Description

Discription

TWO-LAYER COATING SYSTEM FOR AIRBAG FABRICS

Technical Field

This invention relates to novel airbag coating compositions comprising at least

two separate and distinct layers. The first layer (base coat), being in contact with the

airbag surface, comprises a composition of at least one coating material which may

comprise up to 30% by parts of the total amount of material in the first layer of a

silicone resin which provides excellent adhesion, excellent tensile strength, and overall lower cost than standard silicone airbag coating materials. The second layer,

being a coating for the first layer, provides excellent reinforcement and aging

characteristics to prevent degradation of the first layer. Such a second layer (topcoat)

is preferably a silicone material. This two-layer system permits excellent strength and

aging properties to prevent seam combing at relatively low cost due to the inexpensive

basecoat materials and the relatively low amount required for the topcoat. An airbag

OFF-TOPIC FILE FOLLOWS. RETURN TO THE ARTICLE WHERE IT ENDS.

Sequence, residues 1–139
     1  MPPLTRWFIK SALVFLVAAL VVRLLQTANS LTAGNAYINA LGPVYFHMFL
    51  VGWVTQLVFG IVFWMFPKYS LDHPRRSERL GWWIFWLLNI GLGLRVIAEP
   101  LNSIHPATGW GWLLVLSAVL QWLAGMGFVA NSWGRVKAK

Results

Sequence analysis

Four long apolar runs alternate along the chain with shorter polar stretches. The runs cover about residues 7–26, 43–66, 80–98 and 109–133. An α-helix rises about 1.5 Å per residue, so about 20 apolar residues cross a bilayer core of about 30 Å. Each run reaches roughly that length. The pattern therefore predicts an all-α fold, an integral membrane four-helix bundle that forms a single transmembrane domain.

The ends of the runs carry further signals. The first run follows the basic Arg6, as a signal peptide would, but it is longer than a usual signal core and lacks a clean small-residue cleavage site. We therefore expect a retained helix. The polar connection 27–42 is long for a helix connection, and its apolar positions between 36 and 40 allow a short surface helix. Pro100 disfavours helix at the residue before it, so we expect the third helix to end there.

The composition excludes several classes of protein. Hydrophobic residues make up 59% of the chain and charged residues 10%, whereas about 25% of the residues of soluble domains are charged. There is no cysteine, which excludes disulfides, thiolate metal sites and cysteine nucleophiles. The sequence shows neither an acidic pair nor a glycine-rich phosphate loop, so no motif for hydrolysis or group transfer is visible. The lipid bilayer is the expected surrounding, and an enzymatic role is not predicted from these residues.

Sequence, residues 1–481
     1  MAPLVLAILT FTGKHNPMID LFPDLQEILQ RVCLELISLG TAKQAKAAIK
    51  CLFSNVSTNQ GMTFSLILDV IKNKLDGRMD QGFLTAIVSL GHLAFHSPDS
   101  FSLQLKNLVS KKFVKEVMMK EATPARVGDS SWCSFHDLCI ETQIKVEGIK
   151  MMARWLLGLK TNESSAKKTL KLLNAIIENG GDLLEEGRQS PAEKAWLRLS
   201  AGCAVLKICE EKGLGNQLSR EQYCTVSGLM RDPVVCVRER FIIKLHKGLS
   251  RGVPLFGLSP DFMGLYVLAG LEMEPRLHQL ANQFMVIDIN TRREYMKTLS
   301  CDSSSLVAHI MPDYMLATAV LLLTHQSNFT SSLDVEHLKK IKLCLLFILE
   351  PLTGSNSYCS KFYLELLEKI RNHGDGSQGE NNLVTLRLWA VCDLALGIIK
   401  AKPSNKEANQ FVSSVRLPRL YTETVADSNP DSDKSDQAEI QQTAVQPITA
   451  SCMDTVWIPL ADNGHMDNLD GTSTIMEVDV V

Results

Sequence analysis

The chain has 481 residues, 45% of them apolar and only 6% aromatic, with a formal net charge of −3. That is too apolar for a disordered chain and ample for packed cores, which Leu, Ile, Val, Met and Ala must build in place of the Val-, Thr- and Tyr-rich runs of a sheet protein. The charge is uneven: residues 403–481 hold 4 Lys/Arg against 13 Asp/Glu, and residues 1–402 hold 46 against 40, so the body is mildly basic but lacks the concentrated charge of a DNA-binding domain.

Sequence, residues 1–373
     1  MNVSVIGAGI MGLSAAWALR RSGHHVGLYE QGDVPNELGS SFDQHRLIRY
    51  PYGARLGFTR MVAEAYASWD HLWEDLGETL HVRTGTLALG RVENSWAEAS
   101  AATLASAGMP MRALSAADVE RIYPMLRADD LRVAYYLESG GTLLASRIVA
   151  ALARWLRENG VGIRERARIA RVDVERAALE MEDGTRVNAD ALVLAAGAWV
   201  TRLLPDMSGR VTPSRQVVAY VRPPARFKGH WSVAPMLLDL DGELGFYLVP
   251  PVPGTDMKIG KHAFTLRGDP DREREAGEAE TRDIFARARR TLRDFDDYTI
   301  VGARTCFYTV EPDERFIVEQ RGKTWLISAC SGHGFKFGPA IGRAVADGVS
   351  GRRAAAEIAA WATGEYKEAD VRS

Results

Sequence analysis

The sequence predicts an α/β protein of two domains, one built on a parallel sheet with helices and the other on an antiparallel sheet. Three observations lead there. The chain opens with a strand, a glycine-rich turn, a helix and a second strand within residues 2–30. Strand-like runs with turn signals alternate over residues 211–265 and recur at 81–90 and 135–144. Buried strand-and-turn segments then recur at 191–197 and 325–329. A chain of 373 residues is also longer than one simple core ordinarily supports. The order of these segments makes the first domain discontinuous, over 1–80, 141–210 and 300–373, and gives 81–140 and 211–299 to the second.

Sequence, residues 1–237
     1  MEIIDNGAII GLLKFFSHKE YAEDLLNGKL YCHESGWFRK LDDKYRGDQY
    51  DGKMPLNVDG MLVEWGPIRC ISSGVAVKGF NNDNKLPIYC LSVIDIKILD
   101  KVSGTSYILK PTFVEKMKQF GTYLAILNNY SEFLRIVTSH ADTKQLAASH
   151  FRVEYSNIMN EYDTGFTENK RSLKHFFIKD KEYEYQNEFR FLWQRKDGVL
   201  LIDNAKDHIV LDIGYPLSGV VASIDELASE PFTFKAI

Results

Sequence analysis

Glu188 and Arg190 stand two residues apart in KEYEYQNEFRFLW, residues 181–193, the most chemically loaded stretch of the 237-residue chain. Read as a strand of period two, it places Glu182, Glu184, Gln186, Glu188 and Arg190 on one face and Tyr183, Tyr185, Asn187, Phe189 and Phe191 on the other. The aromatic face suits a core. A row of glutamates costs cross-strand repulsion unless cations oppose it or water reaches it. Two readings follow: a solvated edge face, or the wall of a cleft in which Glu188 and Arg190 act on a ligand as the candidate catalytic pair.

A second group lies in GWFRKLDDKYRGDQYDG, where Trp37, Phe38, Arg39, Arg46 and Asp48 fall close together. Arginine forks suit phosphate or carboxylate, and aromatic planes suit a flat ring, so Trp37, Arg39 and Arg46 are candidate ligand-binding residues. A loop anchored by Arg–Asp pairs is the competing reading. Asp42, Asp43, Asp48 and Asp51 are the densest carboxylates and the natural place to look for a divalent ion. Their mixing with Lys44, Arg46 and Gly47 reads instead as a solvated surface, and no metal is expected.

fabric coated with this inventive two-layer system is also contemplated within this

invention.

Background Art

Airbags for motor vehicles are known and have been used for a substantial

period of time. These devices are installed on the driver and passenger side of

automobiles and , in the event of a collision, are rapidly inflated with gas, to act as an energy absorbing barrier between the driver or passenger and the steering wheel or

dashboard of the automobile.

With the advent of new curtain-type airbags comprising a plurality of pillows

formed from stitched areas of the bag article (to protect passengers during roll-over and side impact collision events), there is now a greater emphasis on providing such

curtain-type airbags which will retain their inflation pressure for extended period after

deployment, and will perform if and when necessary even upon storage of a long

duration (years for example). Such pillowed fabrics thus comprise seams which

control the shape and size of the inflated cushion. Upon inflation of such specific

airbag cushions, pressure may be applied in great force, particularly on the seams,

during an inflation in response to a collision event. These stitched areas thus must

retain their strength upon inflation, thereby setting forth the requirement that the

individual yarns at such seams will not become unraveled (i.e., "combed-out") easily